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As discussed in the past, I don’t support the idea of district elections in a community the size of Lompoc. I honestly don’t think they will help the process of electing City Council members. But, if we must do it, then do it without self-preservation as the primary decision factor.

Four of the proposed district maps would have directly impacted incumbent council members Jim Mosby, Dirk Starbuck and Victor Vega in the future elections, if they chose to run. So, it’s no surprise that during the public hearing on Nov. 21, these same councilmen supported the removal of four maps that would have broken up the trio.

The Record reported that “all contained districts in which two current council members presently reside. Moving forward with those maps would effectively prevent a current council member from seeking re-election, which led Councilman Jim Mosby to suggest that all four should be removed, since he felt they went against the will of the voting public.”

Mosby said he talked to “some of his Latino friends” and they said, “they wanted to know why they wouldn’t be able to vote for me anymore, and why they couldn’t be represented in that way. They were very offended by the fact that it was being drawn up (this way) and they wouldn’t be allowed to have that opportunity.”

So, this new policy will be all about protecting Mosby, Starbuck and Vega’s seats.

Councilwoman Jenelle Osborne objected to eliminating the most popular map, saying, “I think it’s unfair to eliminate 101 this round because of the number of individuals that have shown up in support of that.”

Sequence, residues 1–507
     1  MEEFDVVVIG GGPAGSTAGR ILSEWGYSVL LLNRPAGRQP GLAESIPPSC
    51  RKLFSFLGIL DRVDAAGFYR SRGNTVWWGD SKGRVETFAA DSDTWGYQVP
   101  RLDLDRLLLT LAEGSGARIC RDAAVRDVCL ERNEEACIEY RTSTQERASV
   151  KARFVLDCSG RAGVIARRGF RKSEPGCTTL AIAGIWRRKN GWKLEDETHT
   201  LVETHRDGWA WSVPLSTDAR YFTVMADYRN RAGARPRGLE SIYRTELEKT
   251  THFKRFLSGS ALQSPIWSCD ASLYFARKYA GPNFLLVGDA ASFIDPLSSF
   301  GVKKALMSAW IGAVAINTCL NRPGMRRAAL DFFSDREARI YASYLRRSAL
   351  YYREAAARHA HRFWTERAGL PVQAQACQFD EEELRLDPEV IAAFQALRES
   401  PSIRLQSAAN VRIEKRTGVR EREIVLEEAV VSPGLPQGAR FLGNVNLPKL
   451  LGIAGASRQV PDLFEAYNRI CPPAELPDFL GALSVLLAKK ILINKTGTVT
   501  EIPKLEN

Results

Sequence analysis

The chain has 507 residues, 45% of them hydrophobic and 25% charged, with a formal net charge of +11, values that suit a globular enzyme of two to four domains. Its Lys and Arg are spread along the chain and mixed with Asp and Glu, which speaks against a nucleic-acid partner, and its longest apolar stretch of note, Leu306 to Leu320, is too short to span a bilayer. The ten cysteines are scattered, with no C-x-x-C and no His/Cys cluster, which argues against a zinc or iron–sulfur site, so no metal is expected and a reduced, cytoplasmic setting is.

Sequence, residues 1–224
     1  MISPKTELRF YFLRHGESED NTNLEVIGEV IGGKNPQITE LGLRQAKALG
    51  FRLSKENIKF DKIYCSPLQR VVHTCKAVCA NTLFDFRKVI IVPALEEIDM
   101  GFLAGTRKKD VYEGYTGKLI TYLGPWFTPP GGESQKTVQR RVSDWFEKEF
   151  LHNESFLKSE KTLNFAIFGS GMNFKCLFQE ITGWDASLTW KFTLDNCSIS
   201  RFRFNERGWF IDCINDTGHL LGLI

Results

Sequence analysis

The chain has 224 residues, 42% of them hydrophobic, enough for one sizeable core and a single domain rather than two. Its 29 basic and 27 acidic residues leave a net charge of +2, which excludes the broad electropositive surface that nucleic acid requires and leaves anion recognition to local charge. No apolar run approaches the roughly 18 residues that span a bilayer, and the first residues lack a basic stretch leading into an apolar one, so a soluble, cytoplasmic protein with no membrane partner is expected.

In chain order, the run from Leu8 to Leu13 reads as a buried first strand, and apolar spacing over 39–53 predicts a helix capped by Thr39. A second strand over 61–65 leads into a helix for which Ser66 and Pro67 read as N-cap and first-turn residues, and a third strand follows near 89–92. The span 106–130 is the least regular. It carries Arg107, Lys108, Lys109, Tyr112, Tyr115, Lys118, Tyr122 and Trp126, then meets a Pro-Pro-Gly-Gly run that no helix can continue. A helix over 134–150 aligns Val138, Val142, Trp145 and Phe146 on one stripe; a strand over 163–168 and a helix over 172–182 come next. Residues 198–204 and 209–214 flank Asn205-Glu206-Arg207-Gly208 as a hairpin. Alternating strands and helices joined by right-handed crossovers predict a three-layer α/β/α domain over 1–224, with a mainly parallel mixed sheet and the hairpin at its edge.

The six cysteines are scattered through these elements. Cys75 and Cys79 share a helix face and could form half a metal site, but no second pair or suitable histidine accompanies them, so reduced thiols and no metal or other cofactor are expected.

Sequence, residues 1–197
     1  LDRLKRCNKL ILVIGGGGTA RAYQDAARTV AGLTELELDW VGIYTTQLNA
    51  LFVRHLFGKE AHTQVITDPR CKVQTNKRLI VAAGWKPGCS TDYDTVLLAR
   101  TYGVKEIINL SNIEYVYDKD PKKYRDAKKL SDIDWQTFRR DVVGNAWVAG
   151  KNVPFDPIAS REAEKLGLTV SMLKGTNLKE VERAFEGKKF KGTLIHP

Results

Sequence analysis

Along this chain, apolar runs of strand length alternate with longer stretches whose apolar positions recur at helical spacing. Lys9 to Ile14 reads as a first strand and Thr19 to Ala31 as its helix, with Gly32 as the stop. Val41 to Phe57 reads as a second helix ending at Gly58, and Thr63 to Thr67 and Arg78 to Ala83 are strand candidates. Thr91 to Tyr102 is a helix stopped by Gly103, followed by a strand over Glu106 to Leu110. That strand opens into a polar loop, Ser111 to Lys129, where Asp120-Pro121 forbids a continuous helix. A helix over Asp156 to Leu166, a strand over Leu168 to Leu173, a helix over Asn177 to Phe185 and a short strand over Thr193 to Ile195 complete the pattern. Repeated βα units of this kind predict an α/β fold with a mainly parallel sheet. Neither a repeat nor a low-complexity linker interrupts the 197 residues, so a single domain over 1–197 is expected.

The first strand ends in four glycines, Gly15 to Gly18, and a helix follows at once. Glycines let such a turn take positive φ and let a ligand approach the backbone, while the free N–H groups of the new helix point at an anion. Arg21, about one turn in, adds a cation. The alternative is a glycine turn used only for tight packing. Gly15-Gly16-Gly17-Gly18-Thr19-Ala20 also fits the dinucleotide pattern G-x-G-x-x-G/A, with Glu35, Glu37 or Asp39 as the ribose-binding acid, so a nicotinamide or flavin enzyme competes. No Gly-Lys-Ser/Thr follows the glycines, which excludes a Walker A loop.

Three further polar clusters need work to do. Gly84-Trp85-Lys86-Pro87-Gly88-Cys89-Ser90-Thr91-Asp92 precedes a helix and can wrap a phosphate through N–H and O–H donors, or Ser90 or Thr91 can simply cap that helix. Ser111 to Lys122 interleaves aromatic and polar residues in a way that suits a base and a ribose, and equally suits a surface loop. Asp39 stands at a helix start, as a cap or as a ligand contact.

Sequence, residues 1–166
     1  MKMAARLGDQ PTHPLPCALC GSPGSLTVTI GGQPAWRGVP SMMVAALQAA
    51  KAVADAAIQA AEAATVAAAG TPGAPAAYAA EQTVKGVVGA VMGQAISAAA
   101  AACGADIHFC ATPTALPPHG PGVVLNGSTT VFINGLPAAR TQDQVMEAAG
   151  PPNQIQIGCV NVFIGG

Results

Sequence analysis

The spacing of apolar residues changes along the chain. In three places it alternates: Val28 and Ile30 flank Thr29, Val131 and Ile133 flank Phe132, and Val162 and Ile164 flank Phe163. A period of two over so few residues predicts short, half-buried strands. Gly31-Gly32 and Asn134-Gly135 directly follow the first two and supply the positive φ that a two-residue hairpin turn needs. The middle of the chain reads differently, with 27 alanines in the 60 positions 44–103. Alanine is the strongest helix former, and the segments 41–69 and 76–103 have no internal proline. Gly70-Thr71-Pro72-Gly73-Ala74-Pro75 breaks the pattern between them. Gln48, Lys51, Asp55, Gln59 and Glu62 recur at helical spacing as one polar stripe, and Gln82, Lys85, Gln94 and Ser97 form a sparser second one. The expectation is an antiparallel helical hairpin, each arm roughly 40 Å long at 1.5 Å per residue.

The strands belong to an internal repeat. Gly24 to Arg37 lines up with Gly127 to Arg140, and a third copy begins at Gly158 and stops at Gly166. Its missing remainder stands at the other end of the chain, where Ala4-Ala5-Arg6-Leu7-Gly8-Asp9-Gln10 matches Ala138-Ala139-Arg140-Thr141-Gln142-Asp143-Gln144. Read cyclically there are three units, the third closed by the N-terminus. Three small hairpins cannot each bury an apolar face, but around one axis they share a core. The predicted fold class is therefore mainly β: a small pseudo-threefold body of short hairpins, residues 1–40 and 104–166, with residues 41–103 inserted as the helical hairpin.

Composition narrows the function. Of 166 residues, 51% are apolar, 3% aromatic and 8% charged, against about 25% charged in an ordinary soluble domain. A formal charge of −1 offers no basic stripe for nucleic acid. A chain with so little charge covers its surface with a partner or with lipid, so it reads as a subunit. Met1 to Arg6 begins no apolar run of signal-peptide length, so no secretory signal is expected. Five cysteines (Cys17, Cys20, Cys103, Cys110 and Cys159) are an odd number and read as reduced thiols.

Five of the six speakers, including the two individuals who initiated the complaint that caused creation of the districts, supported map 101 as best representing the Latino vote.

The Record report went on to say she stated that, “the moves might not meet the federal definition of gerrymandering” but said that eliminating all the maps that could potentially break up the current council were rejected out-of-hand, and that “feels a bit like localized gerrymandering and protecting our seats, and that’s not what I’m here for.”

The Cornell Law School defines gerrymandering as being “when political or electoral districts are drawn with the purpose of giving one political group an advantage over another, a practice which often results in districts with bizarre or strange shapes.”

It is frequently referred to as "political gerrymandering" or "jurisdictional gerrymandering.”

I applaud Osborne for her position, as she said, “I really need to hear from the public, because I fear gerrymandering to protect our seats.” That seems to be what the trio of councilmen are doing to keep the destructive voting bloc in power.

Among friends I predicted the three would do everything they could to preserve their seats at the decision-making table. That was a no-brainer.

But the real question is, what will help improve Latino voting rights? With only 23 percent of registered Latino voters casting ballots, as opposed to 68 percent of white voters in the 2014 election, the answer is not legislative. It is to convince Latinos to make a commitment to run for office, and a higher percentage to cast votes in each election.

The bottom line here is that three councilmen, when given a choice, opted to protect their seats, as opposed to representing the interests of the public who provided comments during the hearings.

Once again, the people of Lompoc will scratch their heads and wonder why they even bother to show up to council meetings.

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Ron Fink is a local activist and can be reached at: